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This is a past exam question which im not sure how to solve..

${For \ n=1,2,3,... consider \ f_n: [0,2] \rightarrow \mathbb{R} \ given \ by}$

$f_n(x)=$ $\left\{\begin{array}{l l}nx & \quad \text{0 $\leq x <\dfrac{1}{n} $ }\\2-nx & \quad\text{$\dfrac{1}{n} \leq x < \dfrac {2}{n}$} \\0 & \quad\text{otherwise} \end{array} \right.$

$a)Determine \ the \ pointwise \ limit \ f(x)=\displaystyle\lim_{n\to \infty}f_n(x)$

$b)Does \ f_n \rightarrow f \ with \ respect \ to \ the \ 1-norm ||g||_1 = \displaystyle\int^2_0 |g(x)|\ dx?$

$c)Does f_n \rightarrow f \ uniformly?$

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Try sketching the graphs of the first few $f_n$ and see what you can surmise. – David Mitra Feb 21 '13 at 20:01
@DavidMitra I have drawn the graph for the few few $f_n$ but im not sure how this helps. – Mathsstudent147 Feb 21 '13 at 20:32
Can you see that the pointwise limit $0$, to begin with? – 1015 Feb 21 '13 at 20:33
Look at them. Note the graph of $f_n$ is $0$ most everywhere, except for a spike of height $1$ centered at $x=1/n$. As $n$ grows larger, the spike "heads towards" the $y$-axis. So what is the pointwise limit? For b), what do the areas under the graphs tend to? For c), is it true that for large $n$, $f_n$ is uniformly close to the pointwise limit? – David Mitra Feb 21 '13 at 20:35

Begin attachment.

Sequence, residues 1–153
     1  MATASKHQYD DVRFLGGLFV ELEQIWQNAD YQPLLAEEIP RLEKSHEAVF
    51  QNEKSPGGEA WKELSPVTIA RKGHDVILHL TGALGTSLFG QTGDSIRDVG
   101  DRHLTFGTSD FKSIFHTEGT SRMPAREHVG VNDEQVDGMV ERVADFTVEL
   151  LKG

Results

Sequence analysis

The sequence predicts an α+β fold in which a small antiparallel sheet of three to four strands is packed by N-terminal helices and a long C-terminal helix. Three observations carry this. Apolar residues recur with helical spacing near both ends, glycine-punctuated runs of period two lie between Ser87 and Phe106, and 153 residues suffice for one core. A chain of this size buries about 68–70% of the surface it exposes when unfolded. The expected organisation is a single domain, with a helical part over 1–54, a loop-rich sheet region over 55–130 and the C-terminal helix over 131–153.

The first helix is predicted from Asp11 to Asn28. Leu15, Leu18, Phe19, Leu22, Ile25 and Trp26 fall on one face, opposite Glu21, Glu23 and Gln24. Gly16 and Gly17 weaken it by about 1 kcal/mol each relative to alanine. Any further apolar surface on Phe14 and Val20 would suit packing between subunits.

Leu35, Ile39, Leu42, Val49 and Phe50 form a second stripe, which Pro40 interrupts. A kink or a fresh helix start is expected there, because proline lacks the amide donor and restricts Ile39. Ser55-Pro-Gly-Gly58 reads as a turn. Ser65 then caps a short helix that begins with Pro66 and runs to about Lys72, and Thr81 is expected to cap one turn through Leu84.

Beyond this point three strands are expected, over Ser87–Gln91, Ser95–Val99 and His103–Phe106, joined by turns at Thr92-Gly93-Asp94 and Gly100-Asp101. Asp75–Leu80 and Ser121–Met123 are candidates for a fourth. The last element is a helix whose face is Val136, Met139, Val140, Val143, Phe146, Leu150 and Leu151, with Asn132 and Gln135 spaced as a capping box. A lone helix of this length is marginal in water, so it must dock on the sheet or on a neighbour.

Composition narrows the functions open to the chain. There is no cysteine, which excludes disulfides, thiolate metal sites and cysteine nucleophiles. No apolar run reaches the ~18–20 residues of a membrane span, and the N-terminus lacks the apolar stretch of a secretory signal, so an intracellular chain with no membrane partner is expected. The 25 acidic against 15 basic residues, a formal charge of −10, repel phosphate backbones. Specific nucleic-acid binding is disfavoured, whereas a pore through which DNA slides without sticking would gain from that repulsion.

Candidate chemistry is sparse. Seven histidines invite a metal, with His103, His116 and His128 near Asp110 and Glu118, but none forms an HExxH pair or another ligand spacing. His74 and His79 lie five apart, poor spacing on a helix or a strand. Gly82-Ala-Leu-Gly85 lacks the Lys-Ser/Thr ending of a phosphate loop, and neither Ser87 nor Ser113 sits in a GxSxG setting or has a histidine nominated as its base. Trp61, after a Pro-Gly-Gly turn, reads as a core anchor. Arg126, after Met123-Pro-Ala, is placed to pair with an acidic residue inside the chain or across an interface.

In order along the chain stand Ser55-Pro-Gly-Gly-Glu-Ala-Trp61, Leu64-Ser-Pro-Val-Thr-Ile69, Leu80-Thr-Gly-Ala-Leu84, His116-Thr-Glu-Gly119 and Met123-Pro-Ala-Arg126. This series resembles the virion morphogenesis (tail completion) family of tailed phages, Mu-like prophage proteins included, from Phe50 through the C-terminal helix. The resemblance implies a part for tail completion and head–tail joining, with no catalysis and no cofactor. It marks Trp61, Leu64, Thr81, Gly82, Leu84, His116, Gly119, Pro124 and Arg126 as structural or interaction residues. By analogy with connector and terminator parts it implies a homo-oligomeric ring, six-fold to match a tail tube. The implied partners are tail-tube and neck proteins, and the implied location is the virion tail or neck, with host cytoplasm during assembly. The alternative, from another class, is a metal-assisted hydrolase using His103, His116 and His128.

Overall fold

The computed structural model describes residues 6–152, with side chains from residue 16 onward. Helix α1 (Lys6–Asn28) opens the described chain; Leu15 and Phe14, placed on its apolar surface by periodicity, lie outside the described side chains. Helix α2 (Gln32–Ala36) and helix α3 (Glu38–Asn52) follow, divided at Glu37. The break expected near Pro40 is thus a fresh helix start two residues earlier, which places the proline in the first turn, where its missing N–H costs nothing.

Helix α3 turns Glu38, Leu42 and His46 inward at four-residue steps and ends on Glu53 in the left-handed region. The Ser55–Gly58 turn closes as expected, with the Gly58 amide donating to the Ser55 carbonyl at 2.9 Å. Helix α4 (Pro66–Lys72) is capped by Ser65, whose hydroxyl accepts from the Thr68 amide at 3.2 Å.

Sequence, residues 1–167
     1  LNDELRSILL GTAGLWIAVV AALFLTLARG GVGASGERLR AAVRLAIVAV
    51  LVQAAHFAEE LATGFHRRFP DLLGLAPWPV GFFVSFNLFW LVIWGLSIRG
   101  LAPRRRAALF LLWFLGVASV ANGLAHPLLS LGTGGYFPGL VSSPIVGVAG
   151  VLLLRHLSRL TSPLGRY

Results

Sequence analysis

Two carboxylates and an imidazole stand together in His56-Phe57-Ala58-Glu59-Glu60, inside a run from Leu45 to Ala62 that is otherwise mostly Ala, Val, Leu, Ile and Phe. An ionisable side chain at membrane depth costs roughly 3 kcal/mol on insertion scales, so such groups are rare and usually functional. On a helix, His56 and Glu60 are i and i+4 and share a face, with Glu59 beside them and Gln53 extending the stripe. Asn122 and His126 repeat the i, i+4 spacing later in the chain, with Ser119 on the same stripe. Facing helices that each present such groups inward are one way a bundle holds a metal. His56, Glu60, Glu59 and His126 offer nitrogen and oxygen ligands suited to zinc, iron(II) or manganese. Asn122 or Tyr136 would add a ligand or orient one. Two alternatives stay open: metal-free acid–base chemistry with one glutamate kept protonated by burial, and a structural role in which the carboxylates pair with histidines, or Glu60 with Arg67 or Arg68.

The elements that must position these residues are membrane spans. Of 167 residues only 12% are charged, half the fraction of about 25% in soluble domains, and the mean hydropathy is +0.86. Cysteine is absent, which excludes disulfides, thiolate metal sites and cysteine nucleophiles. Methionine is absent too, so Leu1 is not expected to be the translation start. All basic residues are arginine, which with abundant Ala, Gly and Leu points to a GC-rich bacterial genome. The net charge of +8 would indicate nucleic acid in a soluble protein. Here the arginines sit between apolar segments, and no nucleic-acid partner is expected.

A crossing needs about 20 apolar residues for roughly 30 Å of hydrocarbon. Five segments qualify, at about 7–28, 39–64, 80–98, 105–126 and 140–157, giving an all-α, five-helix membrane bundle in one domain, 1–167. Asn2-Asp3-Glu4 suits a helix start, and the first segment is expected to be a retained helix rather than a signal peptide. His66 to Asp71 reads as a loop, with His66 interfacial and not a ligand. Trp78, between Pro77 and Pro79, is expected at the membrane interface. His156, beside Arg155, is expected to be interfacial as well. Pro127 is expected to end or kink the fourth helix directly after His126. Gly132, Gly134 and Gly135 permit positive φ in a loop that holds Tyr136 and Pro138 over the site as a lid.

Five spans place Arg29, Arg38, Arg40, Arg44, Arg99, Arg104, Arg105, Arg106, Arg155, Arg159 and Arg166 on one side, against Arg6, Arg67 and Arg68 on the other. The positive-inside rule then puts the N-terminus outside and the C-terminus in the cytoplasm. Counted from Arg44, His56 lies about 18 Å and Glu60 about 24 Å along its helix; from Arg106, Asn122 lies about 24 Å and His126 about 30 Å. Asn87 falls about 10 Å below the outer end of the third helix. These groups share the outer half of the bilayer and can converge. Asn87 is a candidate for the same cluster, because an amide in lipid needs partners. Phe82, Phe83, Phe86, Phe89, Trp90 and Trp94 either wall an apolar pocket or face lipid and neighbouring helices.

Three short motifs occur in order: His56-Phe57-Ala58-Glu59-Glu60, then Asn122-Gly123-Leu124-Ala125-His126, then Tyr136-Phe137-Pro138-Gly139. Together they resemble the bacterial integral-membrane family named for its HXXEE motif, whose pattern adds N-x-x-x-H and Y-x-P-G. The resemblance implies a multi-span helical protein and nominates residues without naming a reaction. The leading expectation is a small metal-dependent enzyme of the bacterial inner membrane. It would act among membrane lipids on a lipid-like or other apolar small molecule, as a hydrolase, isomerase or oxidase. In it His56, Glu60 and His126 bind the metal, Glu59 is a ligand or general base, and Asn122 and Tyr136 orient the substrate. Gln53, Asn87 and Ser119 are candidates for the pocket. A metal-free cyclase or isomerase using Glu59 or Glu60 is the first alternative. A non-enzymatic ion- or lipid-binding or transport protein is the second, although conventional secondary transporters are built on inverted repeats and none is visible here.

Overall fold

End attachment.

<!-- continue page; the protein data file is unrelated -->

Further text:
@DavidMitra The areas under the graph tend to 0 c) For large n, $f_n$ is uniformly close to the pointwise limit, which is 0. – Mathsstudent147 Feb 21 '13 at 20:44

At a) $f_n(0)=0$ for every $n$. For $x>0$ there exists $n_0$ such that $\frac{1}{n}<\frac{1}{n_0}<x$ for every $n>n_0$. Consequently $f_n(x)\to 0$ for every $x\in [0,2]$.

At b) $f_n$ is a triangle with height $1$ and width $2/n$. Consequently $||f_n||=1/(4n)\to 0=||f||$

At c) no since $\max\{f_n(x)-f(x)\}=1$ which is arbitrary large

Thanks for the remarks :) was thinking of a different funtion somehow

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I still don't really understand part b.... and don't the triangles have height n? – Mathsstudent147 Feb 21 '13 at 20:41
For c), the $\max$ is $1$. – David Mitra Feb 21 '13 at 20:48
thanks again :) the maximum of the tirangles is in x=1/n and there the value is 1. By the way, the function is continuous. – Quickbeam2k1 Feb 21 '13 at 20:49

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